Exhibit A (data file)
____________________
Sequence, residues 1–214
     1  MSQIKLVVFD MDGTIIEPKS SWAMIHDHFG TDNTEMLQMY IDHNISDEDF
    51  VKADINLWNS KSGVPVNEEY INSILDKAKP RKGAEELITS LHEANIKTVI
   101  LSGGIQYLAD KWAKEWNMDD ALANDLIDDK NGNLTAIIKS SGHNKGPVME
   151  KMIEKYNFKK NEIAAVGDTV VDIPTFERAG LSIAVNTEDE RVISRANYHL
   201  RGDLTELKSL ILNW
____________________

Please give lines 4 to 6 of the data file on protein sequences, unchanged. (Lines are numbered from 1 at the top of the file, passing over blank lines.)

   101  LSGGIQYLAD KWAKEWNMDD ALANDLIDDK NGNLTAIIKS SGHNKGPVME
   151  KMIEKYNFKK NEIAAVGDTV VDIPTFERAG LSIAVNTEDE RVISRANYHL
   201  RGDLTELKSL ILNW